Puzzling Scientists for Over 50 Years – A “Holy Grail” Chemical Mystery Has Been Solved

Chemistry Reaction Catalyst Concept

Researchers have solved a 50-year-old mystery about why organic matter in water resists degradation, finding that the oxidative dearomatization reaction transforms biomolecules into stable, diverse forms, significantly impacting global carbon cycles.

A mystery that has puzzled the scientific community for over 50 years has finally been solved. A team from Linköping University, Sweden, and Helmholtz Munich have discovered that a certain type of chemical reaction can explain why organic matter found in rivers and lakes is so resistant to degradation. Their study has been published in the journal Nature.

“This has been the holy grail within my field of research for over 50 years,” says Norbert Hertkorn, a scientist in analytical chemistry previously at Helmholtz Munich and currently at Linköping University.

Let us take it from the beginning. When, for example, a leaf detaches from a tree and falls to the ground, it begins to break down immediately. Before the leaf decomposes, it consists of a few thousand distinct biomolecules; molecules that can be found in most living matter.

The decomposition of the leaf occurs in several phases. Insects and microorganisms begin to consume it, while sunlight and humidity affect the leaf, causing further breakdown. Eventually, the molecules from the decomposed leaf are washed into rivers, lakes, and oceans.

Chemical Transformation Mystery Unraveled

However, at this point, the thousands of known biomolecules have been transformed into millions of very different-looking molecules with complex and typically unknown structures. This dramatic chemical transformation process has remained a mystery that has confounded researchers for over half a century, until now.

David Bastviken

David Bastviken, professor of environmental change at Linköping University, Sweden. Credit: Charlotte Perhammar

“Now we can elucidate how a couple of thousand molecules in living matter can give rise to millions of different molecules that rapidly become very resistant to further degradation,” says Norbert Hertkorn.

The team discovered that a specific type of reaction, known as oxidative dearomatization, is behind the mystery. Although this reaction has long been studied and applied extensively in pharmaceutical synthesis, its natural occurrence remained unexplored.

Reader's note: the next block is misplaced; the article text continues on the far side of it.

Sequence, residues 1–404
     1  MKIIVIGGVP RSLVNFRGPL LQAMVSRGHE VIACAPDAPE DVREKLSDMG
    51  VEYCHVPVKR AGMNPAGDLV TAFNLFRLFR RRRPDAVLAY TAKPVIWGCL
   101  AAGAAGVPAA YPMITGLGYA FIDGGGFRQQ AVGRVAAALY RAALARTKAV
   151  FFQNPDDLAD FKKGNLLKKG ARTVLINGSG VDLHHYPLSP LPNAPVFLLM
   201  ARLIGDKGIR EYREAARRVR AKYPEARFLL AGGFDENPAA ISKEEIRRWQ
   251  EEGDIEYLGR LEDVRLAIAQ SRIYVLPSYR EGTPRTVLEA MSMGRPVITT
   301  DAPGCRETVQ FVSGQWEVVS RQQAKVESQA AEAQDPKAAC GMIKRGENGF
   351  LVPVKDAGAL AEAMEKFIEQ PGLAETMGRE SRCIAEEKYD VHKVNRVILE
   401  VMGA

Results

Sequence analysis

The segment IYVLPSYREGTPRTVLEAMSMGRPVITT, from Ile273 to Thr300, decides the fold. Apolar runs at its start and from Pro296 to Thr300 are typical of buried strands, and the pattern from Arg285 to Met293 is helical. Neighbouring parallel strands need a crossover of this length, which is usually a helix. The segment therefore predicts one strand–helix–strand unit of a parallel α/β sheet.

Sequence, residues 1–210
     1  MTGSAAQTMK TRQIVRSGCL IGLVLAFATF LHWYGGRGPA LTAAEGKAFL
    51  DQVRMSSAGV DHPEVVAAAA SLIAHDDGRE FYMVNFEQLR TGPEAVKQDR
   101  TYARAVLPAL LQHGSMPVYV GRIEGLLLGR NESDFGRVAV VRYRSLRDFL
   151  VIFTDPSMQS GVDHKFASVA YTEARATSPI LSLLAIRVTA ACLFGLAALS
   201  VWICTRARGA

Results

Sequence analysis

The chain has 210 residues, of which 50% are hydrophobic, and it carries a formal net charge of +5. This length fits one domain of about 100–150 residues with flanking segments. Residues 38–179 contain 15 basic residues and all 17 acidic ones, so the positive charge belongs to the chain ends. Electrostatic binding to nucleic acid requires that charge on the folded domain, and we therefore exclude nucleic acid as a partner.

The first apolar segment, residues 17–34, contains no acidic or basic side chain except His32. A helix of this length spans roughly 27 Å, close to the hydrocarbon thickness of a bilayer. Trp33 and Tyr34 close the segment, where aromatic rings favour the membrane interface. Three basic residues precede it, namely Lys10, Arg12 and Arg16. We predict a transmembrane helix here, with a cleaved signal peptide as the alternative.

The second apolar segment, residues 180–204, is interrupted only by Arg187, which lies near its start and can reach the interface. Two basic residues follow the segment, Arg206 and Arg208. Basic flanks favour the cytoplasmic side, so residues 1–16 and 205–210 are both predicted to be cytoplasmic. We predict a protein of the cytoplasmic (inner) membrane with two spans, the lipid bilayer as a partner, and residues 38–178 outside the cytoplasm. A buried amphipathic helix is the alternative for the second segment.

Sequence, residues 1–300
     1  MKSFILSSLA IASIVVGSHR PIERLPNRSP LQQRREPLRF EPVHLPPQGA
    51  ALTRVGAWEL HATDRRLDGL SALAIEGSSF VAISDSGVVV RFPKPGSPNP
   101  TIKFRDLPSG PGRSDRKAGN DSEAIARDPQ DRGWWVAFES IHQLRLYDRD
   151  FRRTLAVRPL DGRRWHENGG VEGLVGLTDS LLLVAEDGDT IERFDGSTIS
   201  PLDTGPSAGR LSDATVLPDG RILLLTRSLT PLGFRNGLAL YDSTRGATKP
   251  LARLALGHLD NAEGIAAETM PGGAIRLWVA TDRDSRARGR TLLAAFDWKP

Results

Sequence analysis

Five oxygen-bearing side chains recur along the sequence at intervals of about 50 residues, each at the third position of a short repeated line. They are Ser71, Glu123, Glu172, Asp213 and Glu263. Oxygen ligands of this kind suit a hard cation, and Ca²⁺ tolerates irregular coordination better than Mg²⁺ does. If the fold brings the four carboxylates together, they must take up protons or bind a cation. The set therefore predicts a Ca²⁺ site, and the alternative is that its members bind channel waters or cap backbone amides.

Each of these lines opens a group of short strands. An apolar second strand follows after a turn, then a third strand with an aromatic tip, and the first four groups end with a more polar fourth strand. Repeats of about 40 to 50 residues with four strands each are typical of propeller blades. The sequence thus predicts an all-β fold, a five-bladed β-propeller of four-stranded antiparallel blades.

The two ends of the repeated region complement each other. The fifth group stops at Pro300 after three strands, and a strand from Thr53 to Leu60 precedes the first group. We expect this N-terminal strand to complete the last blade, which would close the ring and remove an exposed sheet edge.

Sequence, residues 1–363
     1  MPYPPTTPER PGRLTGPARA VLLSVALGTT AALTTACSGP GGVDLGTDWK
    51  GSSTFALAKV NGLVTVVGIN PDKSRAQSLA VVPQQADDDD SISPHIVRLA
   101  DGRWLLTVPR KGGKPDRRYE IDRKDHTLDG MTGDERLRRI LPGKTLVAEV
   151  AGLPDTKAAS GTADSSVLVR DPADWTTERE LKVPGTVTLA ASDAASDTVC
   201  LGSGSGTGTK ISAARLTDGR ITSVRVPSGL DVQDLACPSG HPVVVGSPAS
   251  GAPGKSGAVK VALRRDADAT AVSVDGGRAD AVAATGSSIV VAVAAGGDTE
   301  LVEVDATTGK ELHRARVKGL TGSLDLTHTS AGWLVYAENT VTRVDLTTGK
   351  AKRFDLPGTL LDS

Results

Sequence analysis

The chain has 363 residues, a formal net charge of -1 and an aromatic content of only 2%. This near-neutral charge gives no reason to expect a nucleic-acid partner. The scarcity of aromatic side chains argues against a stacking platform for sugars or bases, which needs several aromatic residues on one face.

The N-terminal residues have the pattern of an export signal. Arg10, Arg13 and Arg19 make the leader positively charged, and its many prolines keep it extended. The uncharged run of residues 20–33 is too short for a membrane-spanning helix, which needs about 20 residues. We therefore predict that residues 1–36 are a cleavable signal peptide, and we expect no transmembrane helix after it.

In the study, the researchers showed that oxidative dearomatization changes the three-dimensional structure of some biomolecule components, which in turn can activate a cascade of subsequent and differentiated reactions, resulting in millions of diverse molecules.

Study Findings and Techniques

Scientists previously believed that the path to dissolved organic matter involved a slow process with many sequential reactions. However, the current study suggests that the transformation occurs relatively quickly.

The team examined dissolved organic matter from four tributaries of the Amazon River and two lakes in Sweden. They employed a technique called nuclear magnetic resonance (NMR) to analyze the structure of millions of diverse molecules. Remarkably, regardless of the climate, the fundamental structure of the dissolved organic matter remained consistent.

“Key to the findings was the unconventional use of NMR in ways allowing studies of the deep interior of large dissolved organic molecules – thereby mapping and quantifying the chemical surroundings around the carbon atoms,” explains Siyu Li, a scientist at the Helmholtz Zentrum and lead author of the study.

In biomolecules, carbon atoms can be connected to four other atoms, most often to hydrogen or oxygen. However, to the team’s surprise, a very high fraction of the organic carbon atoms was not connected to any hydrogen but instead primarily to other carbon atoms. Particularly intriguing was the large number of carbon atoms bound specifically to three other carbons and one oxygen atom, a structure being very rare in biomolecules.

According to David Bastviken, professor of environmental change at Linköping University, this renders the organic matter stable, allowing it to persist for a long time and preventing it from rapidly returning to the atmosphere as carbon dioxide or methane.

“This discovery helps explain the substantial organic carbon sinks on our planet, which reduce the amount of carbon dioxide in the atmosphere,” says David Bastviken.

Reference: “Dearomatization drives complexity generation in freshwater organic matter” by Siyu Li, Mourad Harir, David Bastviken, Philippe Schmitt-Kopplin, Michael Gonsior, Alex Enrich-Prast, Juliana Valle and Norbert Hertkorn, 24 April 2024, Nature.
DOI: 10.1038/s41586-024-07210-9

Funding: Alexander von Humboldt-Stiftung, Vetenskapsrådet, European Research Counci

1 Comment on "Puzzling Scientists for Over 50 Years – A “Holy Grail” Chemical Mystery Has Been Solved"

  1. “Particularly intriguing was the large number of carbon atoms bound specifically to three other carbons and one oxygen atom, a structure being very rare in biomolecules.”
    There must be a special definition of “biomolecule” here that I’m not familiar with. The term would normally include proteins, nucleic acids, lipids, and carbohydrates, the latter of which would be impossible to find without such linkages; in fact almost  e v e r y  C in glucose is so connected.

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